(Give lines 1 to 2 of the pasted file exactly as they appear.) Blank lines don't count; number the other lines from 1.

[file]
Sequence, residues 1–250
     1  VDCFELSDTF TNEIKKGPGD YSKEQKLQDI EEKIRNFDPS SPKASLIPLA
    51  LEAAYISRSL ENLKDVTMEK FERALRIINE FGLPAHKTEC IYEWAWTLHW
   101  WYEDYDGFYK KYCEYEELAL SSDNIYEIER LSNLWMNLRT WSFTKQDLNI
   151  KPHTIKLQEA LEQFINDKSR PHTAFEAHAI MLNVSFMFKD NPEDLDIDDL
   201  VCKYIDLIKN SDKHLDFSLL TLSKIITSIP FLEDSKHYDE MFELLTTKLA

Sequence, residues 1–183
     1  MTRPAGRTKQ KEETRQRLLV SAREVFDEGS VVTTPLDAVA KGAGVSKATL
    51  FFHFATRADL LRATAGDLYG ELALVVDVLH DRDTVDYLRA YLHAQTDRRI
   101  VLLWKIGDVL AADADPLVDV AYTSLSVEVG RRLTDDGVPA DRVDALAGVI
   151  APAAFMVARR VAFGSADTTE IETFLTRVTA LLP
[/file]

Sequence, residues 1–250
     1  VDCFELSDTF TNEIKKGPGD YSKEQKLQDI EEKIRNFDPS SPKASLIPLA